Thursday, 11 January 2018

Review: All the Money in the World - A terrific tense thriller worth your undivided attention

Veteran director Ridley Scott's latest offering All the Money in the World is a film that has gained notoriety on it's release for the eleventh hour replacing of Kevin Spacey with Christopher Plummer but  aside from the scandal that surrounded it's production it is in it's own right an absorbing thriller with some masterful performances contained throughout.
This true life feature follows the kidnapping of 16-year-old John Paul Getty III (Charlie Plummer) and the desperate attempt by his mother Gail (Michelle Williams) to convince his famous billionaire grandfather (Christopher Plummer) to pay the ransom. When Getty Sr. refuses to pay the much needed ransom, Gail battles to persuade the billionaire as her son's captors become increasingly violent and brutal. With her son's life hanging in the balance, Gail and Getty's advisor (Mark Wahlberg) become unlikely allies in the race against time to save her son and ultimately reveal the true and lasting value of love over money.
All the Money in the World is a film that thrives on the energy, zest and talent of two contempories both in their eighties yet showing an appetite for their craft that is timeless.
Director Scott proves once again that he is the master of the big budget production whilst simultaneously giving such a magnificent visual spectacle the heart, respect and moral message this story so richly deserves. The tension created by this skillful director is unparallelled in anything I've experienced in recent times at the cinema and this truly is edge of the seat fare right up to the last shot.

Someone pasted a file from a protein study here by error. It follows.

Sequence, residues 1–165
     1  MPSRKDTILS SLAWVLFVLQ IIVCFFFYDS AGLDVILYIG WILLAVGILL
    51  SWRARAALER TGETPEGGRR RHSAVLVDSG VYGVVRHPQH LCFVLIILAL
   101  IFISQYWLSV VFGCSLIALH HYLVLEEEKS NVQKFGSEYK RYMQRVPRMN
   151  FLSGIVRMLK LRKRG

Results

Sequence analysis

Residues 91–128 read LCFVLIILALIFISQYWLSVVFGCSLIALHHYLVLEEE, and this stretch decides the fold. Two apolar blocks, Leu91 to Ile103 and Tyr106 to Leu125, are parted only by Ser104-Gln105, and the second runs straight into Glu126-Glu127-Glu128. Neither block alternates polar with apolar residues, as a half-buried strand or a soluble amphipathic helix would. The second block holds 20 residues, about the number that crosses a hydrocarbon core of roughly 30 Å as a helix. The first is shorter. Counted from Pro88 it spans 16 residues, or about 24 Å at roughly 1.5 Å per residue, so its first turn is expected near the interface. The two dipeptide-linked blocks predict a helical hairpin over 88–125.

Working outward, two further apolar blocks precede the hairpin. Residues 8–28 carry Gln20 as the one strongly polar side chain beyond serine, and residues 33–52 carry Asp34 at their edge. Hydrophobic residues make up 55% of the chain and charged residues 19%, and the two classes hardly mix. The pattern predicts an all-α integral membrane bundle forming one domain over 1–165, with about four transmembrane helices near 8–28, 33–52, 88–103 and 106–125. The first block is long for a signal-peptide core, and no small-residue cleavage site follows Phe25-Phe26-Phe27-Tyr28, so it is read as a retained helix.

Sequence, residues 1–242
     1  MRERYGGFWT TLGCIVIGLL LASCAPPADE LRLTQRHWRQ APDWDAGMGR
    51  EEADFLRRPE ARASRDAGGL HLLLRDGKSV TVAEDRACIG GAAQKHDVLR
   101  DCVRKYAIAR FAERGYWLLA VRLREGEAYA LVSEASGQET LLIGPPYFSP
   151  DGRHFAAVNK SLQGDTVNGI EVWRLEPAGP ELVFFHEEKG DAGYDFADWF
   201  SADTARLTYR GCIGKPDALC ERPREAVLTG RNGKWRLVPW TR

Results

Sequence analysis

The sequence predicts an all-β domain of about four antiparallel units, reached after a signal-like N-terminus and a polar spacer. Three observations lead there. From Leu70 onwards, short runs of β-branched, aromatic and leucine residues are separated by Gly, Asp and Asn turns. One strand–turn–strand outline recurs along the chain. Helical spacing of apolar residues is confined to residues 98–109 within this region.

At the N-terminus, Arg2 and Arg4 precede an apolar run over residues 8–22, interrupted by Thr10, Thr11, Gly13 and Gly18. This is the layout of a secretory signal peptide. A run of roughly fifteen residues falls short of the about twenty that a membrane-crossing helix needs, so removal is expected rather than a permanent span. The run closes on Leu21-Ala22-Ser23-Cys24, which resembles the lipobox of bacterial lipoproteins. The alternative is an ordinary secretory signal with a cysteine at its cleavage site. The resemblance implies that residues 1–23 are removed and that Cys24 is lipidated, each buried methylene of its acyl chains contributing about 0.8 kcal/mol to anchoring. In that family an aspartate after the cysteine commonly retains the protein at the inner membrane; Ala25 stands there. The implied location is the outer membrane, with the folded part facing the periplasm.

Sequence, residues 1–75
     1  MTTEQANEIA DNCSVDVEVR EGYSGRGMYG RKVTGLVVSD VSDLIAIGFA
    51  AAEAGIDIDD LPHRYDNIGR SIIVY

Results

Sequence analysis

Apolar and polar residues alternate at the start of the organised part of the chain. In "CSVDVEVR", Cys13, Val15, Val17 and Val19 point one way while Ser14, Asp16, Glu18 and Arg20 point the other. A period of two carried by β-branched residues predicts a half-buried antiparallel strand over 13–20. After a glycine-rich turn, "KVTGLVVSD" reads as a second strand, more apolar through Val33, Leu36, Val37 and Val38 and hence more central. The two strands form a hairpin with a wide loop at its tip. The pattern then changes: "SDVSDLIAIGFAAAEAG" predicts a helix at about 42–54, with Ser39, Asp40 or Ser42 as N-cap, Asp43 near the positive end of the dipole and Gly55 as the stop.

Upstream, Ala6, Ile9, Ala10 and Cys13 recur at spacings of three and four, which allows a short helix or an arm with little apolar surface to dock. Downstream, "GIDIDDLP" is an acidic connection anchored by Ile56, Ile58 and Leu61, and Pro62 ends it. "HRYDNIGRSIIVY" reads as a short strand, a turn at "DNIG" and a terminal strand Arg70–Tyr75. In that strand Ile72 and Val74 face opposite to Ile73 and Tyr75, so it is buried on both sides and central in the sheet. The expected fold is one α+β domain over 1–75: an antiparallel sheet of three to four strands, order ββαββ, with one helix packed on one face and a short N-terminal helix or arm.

Christopher Plummer also delivers a performance well worthy of his Golden Globe nomination and  steals every scene he is in adding so much to the role he had inherited.
The supporting cast which includes Mark Wahlberg, Romain Duris and Charlie Plummer (no relation) all acquit themselves quite well and add to this heart stopping and captivating film but the pick of the supporting bunch is undoubtedly Michelle Williams who after last years masterful display in Manchester by the Sea delivers emphatically again as distraught mother Gail in a role that must surely gain recognition come awards season.
Quite simply, All the Money in the World is a film that combines stunning visuals, nerve wracking tension, some excellent acting performances tightly wrapped in a strong moral message. Overall not a bad way to spend the 133 minute in what is shaping up to be great month for cinema releases.

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